Bye bye Paradise

There's a sweet legend about this town: On a blazing summer day in the 1850s, a lumber mill crew with wagon and ox took a break under a grove of tall evergreens. The air was cool, the pine needles fragrant.

"Boys," said the team boss, "this is paradise."

Thus, more than 170 years ago, Paradise was born. From the start, it was enriched with gold mined from nearby hills and lumber harvested from the forests. Over generations, thousands lived and loved here; they built homes and businesses, schools and houses of worship, parks and museums that proudly honoured Paradise's place in American history.

In a matter of hours last week, it all disappeared.

Nearly 9,000 homes. Hundreds of shops and other buildings. The Safeway supermarket. The hardware store. The Dolly-O-Donuts & Gifts, where locals started their day with a blueberry fritter and a quick bit of gossip.

This town of 27,000 literally went up in smoke in the deadliest, most destructive wildfire in California history. The death toll, for now, is 63, but many more are missing. And memories are all that's left for many of the survivors.

Driving past the smouldering ruins of downtown, Patrick Knuthson, a 49-year-old, fourth-generation local, struggled to make sense of what he was seeing. He pointed out places that once were, and were no more: a saloon-style pub, his favourite Mexican restaurant, a classic California motel, the pawn shop, a real estate office, a liquor store, the thrift centre and auto repair shop, the remodeled Jack in the Box burger outlet, entire trailer parks.

At the ruined Gold Nugget Museum, the ground was crunchy and hot, a few birds chirped nearby, and a half dozen soot-covered deer stood eerily still under a blackened tree.

Paradise was a town where families put down roots, and visitors opted to stay. Children could bike to the park, go fishing in the town pond, shoot bows and arrows at the nearby archery range. As they got older, they'd kayak in the canyons or hike in the forests after school.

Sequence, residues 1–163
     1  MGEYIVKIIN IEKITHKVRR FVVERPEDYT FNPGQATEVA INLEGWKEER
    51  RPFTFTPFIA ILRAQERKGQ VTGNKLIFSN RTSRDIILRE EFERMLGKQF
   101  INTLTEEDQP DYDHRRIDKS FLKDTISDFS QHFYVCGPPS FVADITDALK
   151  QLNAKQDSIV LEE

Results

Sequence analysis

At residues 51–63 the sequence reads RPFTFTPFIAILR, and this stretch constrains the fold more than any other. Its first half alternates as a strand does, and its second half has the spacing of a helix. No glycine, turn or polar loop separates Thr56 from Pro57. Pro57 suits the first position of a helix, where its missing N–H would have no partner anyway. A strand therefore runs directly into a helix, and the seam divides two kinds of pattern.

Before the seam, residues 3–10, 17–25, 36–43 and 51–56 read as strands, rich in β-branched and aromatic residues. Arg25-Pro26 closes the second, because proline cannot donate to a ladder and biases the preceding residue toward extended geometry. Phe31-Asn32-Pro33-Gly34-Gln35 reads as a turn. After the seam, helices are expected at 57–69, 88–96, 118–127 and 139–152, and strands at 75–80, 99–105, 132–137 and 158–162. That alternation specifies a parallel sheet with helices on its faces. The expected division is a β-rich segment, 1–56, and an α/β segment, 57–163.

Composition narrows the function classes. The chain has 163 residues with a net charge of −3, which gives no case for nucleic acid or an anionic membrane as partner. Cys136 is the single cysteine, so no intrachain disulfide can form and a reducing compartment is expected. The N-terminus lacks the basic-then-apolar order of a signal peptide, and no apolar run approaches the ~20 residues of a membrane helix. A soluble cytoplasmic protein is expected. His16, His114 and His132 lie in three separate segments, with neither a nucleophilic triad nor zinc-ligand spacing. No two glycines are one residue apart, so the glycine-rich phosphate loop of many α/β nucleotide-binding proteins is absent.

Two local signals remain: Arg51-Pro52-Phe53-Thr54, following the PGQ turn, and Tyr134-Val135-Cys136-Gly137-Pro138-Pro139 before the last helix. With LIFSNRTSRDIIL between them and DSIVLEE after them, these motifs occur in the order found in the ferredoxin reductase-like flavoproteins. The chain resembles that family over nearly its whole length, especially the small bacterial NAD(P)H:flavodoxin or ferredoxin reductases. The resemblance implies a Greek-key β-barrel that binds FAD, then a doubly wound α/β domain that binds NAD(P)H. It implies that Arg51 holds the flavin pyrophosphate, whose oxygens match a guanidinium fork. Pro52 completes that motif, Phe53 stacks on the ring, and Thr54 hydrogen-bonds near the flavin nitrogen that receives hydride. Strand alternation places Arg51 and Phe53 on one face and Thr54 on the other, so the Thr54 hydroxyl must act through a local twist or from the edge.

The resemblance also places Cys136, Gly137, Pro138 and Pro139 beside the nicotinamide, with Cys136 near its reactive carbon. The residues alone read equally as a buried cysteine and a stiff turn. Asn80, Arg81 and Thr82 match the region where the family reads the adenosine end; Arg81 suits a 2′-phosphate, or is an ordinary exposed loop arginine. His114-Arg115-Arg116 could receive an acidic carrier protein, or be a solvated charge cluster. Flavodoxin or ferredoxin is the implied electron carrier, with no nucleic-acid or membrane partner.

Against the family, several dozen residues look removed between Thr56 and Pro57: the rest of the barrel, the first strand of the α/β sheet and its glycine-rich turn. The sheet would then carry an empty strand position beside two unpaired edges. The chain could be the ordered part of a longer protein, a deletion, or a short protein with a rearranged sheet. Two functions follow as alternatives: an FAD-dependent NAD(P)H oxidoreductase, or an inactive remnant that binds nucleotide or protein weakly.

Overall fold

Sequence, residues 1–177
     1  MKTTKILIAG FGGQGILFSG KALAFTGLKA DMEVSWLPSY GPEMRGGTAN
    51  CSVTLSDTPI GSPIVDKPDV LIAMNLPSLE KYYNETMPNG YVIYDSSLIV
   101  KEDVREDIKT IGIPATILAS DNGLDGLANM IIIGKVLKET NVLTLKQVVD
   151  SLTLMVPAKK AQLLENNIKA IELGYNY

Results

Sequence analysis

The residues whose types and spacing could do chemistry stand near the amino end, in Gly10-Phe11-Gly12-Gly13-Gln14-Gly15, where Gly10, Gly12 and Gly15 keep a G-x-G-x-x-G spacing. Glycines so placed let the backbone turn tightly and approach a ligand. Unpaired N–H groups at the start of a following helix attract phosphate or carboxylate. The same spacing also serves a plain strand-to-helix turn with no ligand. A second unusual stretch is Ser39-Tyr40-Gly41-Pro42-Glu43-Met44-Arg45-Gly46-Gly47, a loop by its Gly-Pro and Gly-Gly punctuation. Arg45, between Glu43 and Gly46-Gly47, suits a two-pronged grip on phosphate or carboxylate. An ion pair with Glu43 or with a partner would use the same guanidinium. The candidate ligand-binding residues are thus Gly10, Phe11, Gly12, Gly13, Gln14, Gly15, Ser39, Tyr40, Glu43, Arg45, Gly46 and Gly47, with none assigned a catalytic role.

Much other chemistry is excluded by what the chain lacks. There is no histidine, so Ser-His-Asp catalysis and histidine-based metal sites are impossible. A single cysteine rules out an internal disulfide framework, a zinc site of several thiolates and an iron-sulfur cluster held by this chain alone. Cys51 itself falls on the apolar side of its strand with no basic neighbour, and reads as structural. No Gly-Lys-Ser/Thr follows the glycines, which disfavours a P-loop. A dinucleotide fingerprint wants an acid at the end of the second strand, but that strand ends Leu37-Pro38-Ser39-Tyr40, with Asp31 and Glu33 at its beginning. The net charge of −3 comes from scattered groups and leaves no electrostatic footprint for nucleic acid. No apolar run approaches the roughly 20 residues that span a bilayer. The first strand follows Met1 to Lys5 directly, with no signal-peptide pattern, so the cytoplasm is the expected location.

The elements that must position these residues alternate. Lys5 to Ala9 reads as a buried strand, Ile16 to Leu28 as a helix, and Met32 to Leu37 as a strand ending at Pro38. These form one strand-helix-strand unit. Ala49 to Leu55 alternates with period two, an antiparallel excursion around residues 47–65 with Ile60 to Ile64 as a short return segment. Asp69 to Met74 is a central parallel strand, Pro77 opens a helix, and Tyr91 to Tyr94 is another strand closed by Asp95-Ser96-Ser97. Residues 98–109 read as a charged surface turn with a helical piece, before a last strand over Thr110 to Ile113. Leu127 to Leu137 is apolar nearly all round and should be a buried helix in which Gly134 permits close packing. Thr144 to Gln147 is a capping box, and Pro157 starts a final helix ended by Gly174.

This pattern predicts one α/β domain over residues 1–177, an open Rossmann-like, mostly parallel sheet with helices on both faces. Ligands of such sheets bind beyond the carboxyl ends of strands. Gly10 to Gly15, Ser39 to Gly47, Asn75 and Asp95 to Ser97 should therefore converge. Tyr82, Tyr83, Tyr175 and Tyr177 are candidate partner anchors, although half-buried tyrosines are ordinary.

"We could tell the kids to go outside and play, and be back when the street lights come on," said Kaitlin Norton, whose uncle is still missing. She does not know if her home still stands.

Like all places, Paradise had problems. There were issues with addiction and poverty, but residents felt safe. And while prices were rising, it was still affordable for many in a state where housing costs have soared.

"You would never miss a meal here," said Terry Prill, 63, who often sought lunch and dinner at community churches. "The people are good people. They don't look down at you."

The pace was relaxed. Neighbors waved to each other in the morning, shouting hello as they headed off to work on tree-lined, winding streets and cul-de-sacs. Families kept tidy gardens and planted vegetables, trading their bounty up and down the block.

Louise Branch, 93, says Paradise was a lovely place to retire. "It's a slow town, really. People have yards and dogs," she said. "I especially liked it in the fall when the trees are full of colour."

Parks burst with bright orange California poppies and wildflowers in the spring, and soften with light snow in the winter. At 2,500 feet, on a ridge that rises above deep canyons carved by the Feather River and Butte Creek, Paradise offers cool respite from hot, dry weather in the valleys below.

Spanning the creek was the Honey Run Covered Bridge, built in 1886. It was put on the National Register of Historic Places in 1988 and was the only covered bridge in America with three unequal sections. It, too, is gone.

Glenn Harrington raised two sons in Paradise. He found it so picturesque he started the Visions of Paradise page on Facebook; image after image chronicles the town's history and spirit, its seasonal colours and its many festivals.

Each spring there were Gold Nugget Days, marking the discovery of a 54-pound lump in 1859. The Donkey Derby in nearby Old Magalia would get silly, as locals recreated how miners heaved the famous chunk of gold into town. The highlight was a parade of homemade floats.

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